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Am J Prev Med. 2017 Dec;53(6):764-771. doi: 10.1016/j.amepre.2017.07.009. Epub 2017 Oct 9.

Sedentary Time, Physical Activity, and Adiposity: Cross-sectional and Longitudinal Associations in CARDIA.

Author information

1
Department of Health and Physical Activity, University of Pittsburgh, Pittsburgh, Pennsylvania. Electronic address: bbarone@pitt.edu.
2
Departments of Epidemiology, Human Genetics, and Environmental Sciences, University of Texas Health Science Center at Houston School of Public Health-Austin Campus, Austin, Texas.
3
Department of Preventive Medicine, Northwestern University, Chicago, Illinois.
4
Department of Behavioral and Community Health Sciences, and Epidemiology, University of Pittsburgh, Pittsburgh, Pennsylvania.
5
Department of Health and Physical Activity, University of Pittsburgh, Pittsburgh, Pennsylvania.
6
Divisions of Cardiology and Research, Kaiser Permanente Northern California, Oakland, California; Department of Medicine, University of California, San Francisco, San Francisco, California.
7
National Heart, Lung, and Blood Institute, Bethesda, Maryland.
8
Divisions of Cardiology and Research, Kaiser Permanente Northern California, Oakland, California.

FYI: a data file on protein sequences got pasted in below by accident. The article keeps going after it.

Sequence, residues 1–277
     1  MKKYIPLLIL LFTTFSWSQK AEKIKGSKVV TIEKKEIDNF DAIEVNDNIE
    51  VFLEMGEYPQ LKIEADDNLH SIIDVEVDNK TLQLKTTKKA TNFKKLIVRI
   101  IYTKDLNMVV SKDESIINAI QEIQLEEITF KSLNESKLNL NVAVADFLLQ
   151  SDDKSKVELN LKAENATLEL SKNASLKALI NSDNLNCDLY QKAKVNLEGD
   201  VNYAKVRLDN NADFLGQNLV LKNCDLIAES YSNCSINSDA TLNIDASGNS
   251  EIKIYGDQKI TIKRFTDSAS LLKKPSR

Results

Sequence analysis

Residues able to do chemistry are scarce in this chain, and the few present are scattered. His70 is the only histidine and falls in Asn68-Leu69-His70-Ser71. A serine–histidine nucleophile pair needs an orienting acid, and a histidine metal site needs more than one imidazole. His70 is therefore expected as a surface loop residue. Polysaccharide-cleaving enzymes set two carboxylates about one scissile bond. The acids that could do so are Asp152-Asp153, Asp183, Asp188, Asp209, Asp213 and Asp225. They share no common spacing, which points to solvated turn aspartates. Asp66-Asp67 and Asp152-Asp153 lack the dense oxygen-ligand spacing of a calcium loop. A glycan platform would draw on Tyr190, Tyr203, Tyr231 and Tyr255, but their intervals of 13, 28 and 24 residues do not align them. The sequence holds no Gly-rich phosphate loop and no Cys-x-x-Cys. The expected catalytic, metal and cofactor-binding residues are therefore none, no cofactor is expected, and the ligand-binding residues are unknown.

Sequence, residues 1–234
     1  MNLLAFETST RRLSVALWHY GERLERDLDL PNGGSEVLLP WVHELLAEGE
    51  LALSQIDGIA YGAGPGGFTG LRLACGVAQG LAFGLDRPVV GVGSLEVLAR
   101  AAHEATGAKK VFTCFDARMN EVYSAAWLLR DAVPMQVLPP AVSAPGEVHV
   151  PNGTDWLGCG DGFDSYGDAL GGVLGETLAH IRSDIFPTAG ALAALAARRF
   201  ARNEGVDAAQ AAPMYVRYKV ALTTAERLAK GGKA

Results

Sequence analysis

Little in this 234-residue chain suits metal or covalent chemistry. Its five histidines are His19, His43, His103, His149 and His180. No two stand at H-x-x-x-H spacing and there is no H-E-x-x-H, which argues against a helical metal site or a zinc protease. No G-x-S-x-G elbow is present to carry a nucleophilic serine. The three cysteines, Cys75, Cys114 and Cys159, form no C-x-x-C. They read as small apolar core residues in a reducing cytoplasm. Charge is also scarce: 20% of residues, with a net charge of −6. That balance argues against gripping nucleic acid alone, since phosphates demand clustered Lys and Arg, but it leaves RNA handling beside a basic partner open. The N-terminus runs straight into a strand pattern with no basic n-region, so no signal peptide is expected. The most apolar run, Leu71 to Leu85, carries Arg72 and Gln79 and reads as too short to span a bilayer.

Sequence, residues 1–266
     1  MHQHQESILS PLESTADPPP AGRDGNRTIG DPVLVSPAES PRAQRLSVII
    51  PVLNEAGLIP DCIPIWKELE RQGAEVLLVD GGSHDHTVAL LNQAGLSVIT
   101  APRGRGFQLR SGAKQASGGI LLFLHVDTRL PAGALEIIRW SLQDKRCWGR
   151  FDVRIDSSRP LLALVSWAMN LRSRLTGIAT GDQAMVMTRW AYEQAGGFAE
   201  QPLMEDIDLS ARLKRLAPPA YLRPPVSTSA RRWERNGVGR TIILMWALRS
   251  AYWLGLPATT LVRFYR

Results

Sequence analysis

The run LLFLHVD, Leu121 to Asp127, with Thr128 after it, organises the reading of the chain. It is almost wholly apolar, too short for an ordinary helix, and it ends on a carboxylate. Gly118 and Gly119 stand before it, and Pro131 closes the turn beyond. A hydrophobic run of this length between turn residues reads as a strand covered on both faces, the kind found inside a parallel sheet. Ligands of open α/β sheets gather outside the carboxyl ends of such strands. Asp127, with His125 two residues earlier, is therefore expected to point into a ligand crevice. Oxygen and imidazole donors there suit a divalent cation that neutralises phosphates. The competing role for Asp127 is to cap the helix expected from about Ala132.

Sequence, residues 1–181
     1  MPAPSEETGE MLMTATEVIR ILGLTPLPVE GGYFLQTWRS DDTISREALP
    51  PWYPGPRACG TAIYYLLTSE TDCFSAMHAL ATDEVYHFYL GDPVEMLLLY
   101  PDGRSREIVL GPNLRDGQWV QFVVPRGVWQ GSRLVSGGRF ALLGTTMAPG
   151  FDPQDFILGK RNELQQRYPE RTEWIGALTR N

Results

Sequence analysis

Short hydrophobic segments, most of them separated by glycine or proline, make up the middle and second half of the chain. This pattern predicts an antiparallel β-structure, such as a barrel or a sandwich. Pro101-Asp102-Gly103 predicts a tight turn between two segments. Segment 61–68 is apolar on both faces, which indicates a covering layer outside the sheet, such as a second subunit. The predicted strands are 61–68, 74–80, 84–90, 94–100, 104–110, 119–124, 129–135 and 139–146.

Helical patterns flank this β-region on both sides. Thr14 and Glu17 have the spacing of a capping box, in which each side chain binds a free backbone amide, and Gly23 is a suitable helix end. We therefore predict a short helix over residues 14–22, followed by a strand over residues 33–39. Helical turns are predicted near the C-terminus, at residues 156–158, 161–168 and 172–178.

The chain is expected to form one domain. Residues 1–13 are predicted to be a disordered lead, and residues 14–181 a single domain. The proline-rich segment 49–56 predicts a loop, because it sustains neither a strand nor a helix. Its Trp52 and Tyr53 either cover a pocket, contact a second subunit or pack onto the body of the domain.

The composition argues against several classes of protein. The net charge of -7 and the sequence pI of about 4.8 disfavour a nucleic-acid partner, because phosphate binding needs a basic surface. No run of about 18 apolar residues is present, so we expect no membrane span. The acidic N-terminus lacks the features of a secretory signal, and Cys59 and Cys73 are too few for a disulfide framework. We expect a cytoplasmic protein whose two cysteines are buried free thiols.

9
Division of Preventive Medicine, University of Alabama at Birmingham, Birmingham, Alabama.

Abstract

INTRODUCTION:

Higher sedentary time (ST) and lower moderate- to vigorous-intensity physical activity (MVPA) have each been associated with greater adiposity, but most studies are cross-sectional and measure ST and MVPA by self-report. This study evaluated associations between objective ST and MVPA with current and 5-year changes in BMI and waist circumference.

METHODS:

The Coronary Artery and Risk Development in Young Adults longitudinal cohort study recruited black or white young adults from four U.S. cities. This analysis (conducted in 2016) used data from 2005 to 2006 as baseline and 2010 to 2011 as 5-year follow-up. Accelerometers measured baseline ST (total and prolonged in bouts of ≥10 minutes) and MVPA (bouts of ≥10 minutes). BMI and waist circumference were assessed at baseline and repeated 5 years later. Regression models included sedentary time and MVPA simultaneously with adjustment for demographics and lifestyle factors.

RESULTS:

Participants (n=1,826) were 57% female; 40% black; aged 38-50 years; and had a BMI of 28.7 (SD=6.3). At baseline, total and prolonged ST were directly associated with BMI and waist circumference, whereas MVPA was inversely related (all p<0.05). Longitudinally, only prolonged ST (per hour/day) was associated with greater increases in BMI (0.077, p=0.033) and waist circumference (0.198 cm, p=0.028). Associations between ST and adiposity were more apparent in less active participants. Risk of ≥5% increase in BMI across assessments increased by 8%-10% (p<0.05) per hour/day of ST.

CONCLUSIONS:

Time spent sedentary was associated with increases in adiposity over time. Reducing sedentary time may be a novel strategy for weight control.

PMID:
29032856
PMCID:
PMC5696042
DOI:
10.1016/j.amepre.2017.07.009
[Indexed for MEDLINE]
Free PMC Article

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